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Metro Asks South L.A. Stakeholders: How Would You Use Rail-to-River Bike/Pedestrian Path?

The Rail-to-River plan to put a bike path between the Crenshaw Line to the west and the L.A. River to the east continues to move forward. Source: Metro
The Rail-to-River plan to put a bike path between the Crenshaw Line to the west and the L.A. River to the east continues to move forward. Source: Metro

"They've started work on that bike path!" a South Central bike shop owner announced excitedly after noticing mounds of dirt piled up in the rail right-of-way (ROW) at Slauson and Normandie.

He couldn't wait for it to be finished, he said. The Rail-to-River path - a bike and pedestrian path that would cut across South Central from the Crenshaw corridor all the way to the Southeast Cities of Huntington Park and Maywood using the Slauson ROW - would give him an easier way to get to work and a place he could teach his young son to learn to ride a bike.

Unfortunately, what he had seen was dirt and debris generated by the construction of the Crenshaw Line. It had been hauled to the ROW to await recycling.

"I hate to break it to you," I said, "but they're only in the environmental analysis and design phase right now. Construction is still a ways off."

One of the young fixie riders who regularly hangs out at the shop shook his head and said he wouldn't be surprised if it was never built. It took the city forever to do nice things for the community, he lamented.

But the Rail-to-River project is actually chugging along, albeit slowly. The community meeting I was told would be held this fall to discuss the design of Segment A (running the 6.4 miles between Crenshaw and Santa Fe) has been pushed back to the new year. The team working on the project wanted to have preliminary engineering and a draft design to present to the community, I was told, so that they had something of substance to engage people on.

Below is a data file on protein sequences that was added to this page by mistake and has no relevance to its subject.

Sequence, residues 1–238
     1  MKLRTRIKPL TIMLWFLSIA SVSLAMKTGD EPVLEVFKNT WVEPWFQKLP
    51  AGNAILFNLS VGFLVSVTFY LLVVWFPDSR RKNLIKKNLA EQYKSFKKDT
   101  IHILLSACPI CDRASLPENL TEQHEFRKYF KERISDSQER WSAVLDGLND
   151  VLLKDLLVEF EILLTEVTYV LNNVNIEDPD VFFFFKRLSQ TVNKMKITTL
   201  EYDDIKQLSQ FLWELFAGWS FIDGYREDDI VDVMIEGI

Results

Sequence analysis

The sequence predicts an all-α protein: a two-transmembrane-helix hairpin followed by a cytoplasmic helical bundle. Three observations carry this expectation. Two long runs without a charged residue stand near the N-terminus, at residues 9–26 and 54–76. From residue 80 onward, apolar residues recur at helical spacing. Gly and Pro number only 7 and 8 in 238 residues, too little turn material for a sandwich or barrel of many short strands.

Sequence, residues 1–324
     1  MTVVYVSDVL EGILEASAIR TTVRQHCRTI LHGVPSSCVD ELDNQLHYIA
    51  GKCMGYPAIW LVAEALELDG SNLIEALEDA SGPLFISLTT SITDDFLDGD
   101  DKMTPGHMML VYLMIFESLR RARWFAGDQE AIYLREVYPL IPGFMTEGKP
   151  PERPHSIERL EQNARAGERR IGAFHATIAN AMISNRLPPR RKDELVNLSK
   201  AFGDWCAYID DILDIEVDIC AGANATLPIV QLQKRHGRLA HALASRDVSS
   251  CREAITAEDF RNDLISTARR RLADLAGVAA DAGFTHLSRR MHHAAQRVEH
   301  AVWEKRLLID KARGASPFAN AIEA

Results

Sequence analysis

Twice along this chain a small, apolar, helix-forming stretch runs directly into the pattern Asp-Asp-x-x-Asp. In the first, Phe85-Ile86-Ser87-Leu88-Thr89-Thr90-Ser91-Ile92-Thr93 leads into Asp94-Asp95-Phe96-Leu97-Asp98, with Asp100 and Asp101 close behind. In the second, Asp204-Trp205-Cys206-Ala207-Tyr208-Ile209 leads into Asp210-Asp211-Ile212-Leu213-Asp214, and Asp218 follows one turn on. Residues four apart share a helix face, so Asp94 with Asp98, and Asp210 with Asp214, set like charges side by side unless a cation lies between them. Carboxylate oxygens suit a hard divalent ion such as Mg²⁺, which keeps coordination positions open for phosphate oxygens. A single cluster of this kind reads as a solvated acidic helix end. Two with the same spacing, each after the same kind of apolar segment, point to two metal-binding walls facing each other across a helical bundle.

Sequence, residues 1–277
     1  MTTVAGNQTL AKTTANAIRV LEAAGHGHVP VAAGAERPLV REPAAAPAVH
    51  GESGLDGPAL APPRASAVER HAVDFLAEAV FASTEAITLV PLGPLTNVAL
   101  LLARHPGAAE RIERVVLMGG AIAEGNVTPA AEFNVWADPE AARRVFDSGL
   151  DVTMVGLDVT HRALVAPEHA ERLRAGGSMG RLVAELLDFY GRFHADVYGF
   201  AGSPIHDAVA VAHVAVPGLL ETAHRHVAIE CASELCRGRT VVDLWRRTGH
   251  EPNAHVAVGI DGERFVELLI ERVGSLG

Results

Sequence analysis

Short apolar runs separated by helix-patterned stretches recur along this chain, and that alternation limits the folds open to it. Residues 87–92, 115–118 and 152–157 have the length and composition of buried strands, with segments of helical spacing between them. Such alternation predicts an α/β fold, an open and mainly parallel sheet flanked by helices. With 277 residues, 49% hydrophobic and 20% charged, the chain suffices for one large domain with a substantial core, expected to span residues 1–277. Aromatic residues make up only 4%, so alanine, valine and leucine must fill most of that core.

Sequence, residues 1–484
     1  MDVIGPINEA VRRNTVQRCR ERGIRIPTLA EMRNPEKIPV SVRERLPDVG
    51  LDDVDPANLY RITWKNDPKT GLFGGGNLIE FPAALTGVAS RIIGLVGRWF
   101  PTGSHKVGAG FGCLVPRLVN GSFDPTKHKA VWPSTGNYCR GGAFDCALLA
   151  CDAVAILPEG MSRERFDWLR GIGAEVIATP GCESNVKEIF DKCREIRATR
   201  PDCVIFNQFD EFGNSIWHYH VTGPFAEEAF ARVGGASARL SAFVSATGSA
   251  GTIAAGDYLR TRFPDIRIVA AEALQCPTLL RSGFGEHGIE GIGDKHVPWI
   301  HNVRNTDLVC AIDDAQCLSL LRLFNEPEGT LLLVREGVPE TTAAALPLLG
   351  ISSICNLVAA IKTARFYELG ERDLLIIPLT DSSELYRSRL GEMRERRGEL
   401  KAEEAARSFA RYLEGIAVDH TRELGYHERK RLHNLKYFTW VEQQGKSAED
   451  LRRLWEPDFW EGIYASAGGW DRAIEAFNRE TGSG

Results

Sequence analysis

In the meanwhile, Metro is looking to hear from the community on what they would like to get out of the project, and they've sent out a brief survey to be shared with area stakeholders. Because technology does not always make our lives easier, however, the October 21st email with said survey ended up in my spam folder and I did not find it until this morning. Which is very unfortunate, as the deadline to answer it is Wednesday (tomorrow). So, I apologize for being late in sharing it with our South L.A. readers.

Still, the survey is brief and can be found here (English) and here (Spanish) I have copied and pasted most of it below, in the event that the links are hard to follow or you wish to send your feedback to Metro via regular email (instead of the PDF doc):

How will you use the path?

Screen Shot 2016-10-25 at 1.32.14 PM

How frequently do you think you would use it?

Screen Shot 2016-10-25 at 1.32.29 PM

Do you have any apprehensions about the path?

Screen Shot 2016-10-25 at 1.32.40 PM

Finally, and perhaps most importantly, what can we do to make it welcoming and what is your vision for the corridor?

Screen Shot 2016-10-25 at 1.32.51 PM

The reason that this last set of questions seems so important to me is that South Central does have a unique vision of community and a unique set of aspirations.